TV Review - Shades of Blue

One of my favorite TV series of all-time is The Shield (2002), which aired on FX. In terms of cop shows to come in its wake, no series has been able to match the power and the thrills of that FX program. That is until now. This show might not be as gritty or as quick and dirty as The Shield, but the web it weaves is just as powerful and thrilling. Its characters are just as interesting and surprising, and despite its dark tones at times, it's a fun but mostly compelling drama.

Jennifer Lopez stars as Harlee Santos, a detective with the NYPD. She's a single mom of a teenage daughter. Harlee is part of a special unit within the NYPD. If you've seen The Shield, this unit is comparable to the Strike Team, which was a special task force targeting drug gangs. This NYPD unit appears to be a similar kind of task force.

Emmy-winner Ray Liotta is more known for his films like Field of Dreams and Goodfellas, but here he co-stars as Matt Wozniak, the leader of this NYPD unit or squad that, like the Strike Team, secretly works with criminals to maintain order on the streets but also to get them some of the illegal money too.

Warren Kole (Common Law and The Following) also co-stars as Robert Stahl, a FBI agent who is investigating corruption in the NYPD and has his sights set on taking down Wozniak. To do that, he needs proof and he decides to use Harlee as a way to do it.

The first, seven episodes are about Stahl having to convince Harlee to be a part of his operation, as she learns just how far Wozniak will go to protect himself, up to and including murder. The Shield had Vic Mackey go as far as one could go in the first episode. Writer Adi Hasak takes seven episodes for Wozniak who is older to arrive on screen where Vic Mackey is by the first hour.

This is probably due to Hasak and the writers here weaving a lot of subplots with many of the other characters, including Harlee. The Shield didn't delve too deep into the members of the Strike Team in the first season. This series does delve into those members in the first season and early on.

Dayo Okeniyi (The Hunger Games and The Spectacular Now) plays Michael Loman, the newest member of Wozniak's unit who is the most morally conflicted about things the unit does. He also is the most conflicted as an African-American cop in a time when race relations between African-Americans and cops are at an all-time high.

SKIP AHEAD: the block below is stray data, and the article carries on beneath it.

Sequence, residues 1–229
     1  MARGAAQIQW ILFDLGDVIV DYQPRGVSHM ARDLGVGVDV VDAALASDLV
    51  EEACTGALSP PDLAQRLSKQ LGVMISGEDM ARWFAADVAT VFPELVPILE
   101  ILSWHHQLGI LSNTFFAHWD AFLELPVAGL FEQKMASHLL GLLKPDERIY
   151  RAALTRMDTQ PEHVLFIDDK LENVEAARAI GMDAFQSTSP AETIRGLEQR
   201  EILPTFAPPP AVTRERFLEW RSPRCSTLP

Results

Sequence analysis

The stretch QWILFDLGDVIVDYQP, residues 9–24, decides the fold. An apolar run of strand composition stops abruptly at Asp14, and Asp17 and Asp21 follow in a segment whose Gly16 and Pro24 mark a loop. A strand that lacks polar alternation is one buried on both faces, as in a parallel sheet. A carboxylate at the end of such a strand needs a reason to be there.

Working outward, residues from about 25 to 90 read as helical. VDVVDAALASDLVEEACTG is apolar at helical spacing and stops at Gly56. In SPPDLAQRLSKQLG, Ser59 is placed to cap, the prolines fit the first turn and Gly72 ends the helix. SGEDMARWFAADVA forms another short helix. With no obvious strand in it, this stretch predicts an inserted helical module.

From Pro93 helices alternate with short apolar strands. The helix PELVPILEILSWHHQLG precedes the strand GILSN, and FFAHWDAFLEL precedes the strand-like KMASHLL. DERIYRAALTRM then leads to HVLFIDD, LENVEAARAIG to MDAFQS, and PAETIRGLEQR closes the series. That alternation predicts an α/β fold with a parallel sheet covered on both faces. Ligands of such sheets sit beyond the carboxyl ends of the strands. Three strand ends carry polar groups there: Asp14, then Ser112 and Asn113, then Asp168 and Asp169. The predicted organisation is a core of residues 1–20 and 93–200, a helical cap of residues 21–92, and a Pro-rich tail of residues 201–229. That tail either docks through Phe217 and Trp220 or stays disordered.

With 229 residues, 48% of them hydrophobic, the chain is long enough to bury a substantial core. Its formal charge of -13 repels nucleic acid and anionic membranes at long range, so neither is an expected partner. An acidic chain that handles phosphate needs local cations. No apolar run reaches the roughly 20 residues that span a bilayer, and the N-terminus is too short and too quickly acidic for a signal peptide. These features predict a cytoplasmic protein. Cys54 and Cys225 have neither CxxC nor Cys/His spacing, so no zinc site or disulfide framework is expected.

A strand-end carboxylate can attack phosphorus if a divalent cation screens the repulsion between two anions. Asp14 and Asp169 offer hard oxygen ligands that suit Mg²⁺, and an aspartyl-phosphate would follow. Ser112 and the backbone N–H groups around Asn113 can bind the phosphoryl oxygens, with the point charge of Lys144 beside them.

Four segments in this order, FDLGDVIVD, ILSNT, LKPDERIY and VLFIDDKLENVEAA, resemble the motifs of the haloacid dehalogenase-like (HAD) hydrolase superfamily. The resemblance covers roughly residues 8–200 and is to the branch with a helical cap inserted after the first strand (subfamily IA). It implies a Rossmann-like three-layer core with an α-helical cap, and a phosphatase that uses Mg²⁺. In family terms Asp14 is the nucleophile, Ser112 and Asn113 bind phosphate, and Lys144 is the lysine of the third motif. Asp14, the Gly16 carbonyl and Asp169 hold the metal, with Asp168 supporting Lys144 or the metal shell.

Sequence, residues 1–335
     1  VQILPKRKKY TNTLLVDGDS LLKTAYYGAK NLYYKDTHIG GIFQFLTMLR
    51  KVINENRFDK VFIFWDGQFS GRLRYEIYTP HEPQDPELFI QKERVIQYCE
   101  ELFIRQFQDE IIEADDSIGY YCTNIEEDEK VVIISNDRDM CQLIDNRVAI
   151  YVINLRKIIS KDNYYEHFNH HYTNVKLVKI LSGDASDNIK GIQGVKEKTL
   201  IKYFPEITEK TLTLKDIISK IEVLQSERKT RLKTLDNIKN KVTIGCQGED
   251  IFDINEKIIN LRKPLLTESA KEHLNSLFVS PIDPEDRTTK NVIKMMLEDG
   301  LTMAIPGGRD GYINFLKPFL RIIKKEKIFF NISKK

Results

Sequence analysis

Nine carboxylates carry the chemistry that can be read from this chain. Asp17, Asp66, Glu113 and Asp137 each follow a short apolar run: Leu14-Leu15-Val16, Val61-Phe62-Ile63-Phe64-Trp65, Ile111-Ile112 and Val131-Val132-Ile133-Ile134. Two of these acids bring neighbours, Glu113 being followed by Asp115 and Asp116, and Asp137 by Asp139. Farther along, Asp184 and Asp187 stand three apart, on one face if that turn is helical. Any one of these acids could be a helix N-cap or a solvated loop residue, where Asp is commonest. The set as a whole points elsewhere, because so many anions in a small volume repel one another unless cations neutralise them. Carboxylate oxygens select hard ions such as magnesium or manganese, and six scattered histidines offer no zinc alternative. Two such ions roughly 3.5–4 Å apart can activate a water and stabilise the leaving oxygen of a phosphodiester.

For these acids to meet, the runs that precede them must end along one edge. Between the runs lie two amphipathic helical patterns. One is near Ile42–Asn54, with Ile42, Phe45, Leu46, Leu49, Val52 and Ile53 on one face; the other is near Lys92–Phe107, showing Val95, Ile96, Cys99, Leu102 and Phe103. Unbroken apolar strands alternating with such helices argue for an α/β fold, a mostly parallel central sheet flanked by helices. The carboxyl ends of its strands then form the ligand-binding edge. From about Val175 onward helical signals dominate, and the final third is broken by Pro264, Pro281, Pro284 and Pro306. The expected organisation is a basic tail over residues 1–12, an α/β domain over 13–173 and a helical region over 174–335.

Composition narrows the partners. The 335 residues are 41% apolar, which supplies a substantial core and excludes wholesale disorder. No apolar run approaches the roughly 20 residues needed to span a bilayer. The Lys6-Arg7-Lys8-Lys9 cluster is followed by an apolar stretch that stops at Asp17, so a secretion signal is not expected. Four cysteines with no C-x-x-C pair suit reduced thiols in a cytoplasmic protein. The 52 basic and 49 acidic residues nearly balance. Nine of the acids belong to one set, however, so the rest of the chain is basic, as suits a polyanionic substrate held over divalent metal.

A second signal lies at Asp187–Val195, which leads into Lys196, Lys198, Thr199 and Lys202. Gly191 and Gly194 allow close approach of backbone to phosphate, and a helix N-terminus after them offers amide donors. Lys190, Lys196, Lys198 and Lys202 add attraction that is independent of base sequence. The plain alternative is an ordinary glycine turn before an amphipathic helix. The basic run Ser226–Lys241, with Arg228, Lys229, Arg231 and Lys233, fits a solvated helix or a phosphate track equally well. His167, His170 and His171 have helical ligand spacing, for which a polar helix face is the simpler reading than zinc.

Emmy-winner Drea de Matteo (Sons of Anarchy and The Sopranos) plays Tess Nazario, a woman just as tough and strong as Harlee, if not more so. Yet, she's having marital problems. She found out her husband is cheating, so she decides to have her own affair with fellow detective, Carlos Espada, played by Vincent Laresca.

Rounding out Wozniak's team is Hampton Fluker who plays Marcus Tufo, the womanizing, slick playboy-type, along with Santino Fontana (Crazy Ex-Girlfriend) who plays David Saperstein, a mama's boy and neighborhood cop who is perhaps a young version of Wozniak but less bitter and cynical.

Oscar-winner Barry Levinson (Rain Man and Bugsy) was at the helm for the first, two episodes and laid down the tone and look as continued by stalwart TV directors like Dan Lerner (In Plain Sight and Once & Again), which is a slightly more cinematic version of Law & Order. It's not just competently portraying procedure. Levinson and the directors do add stylized flourishes. Given the series is about growing distrust and paranoia, Levinson and company do stylized shots to convey that distrust and paranoia.

The Shield was a sexy show, but this show is sexier in that all the leads are ridiculously attractive. The casting in The Shield was more realistic, whereas the casting here leans more toward the glamorous. It just leads to so much sexual tension all over the place, even gay sexual tension. Of course, Lopez has chemistry with any and every body.

In a scene where Harlee goes on a date with James Nava, played by Gino Anthony Pesi, a lawyer with the District Attorney's office, seems as if it could only end with the two of them in bed. It makes the show certainly fun to watch in addition to the intrigue of Wozniak wondering if he's going to be busted and running around trying to cover his tracks. It's exciting.

Five Stars out of Five.
Rated TV-14-VLSD.
Running Time: 1 hr.
Thursdays at 10PM on NBC.

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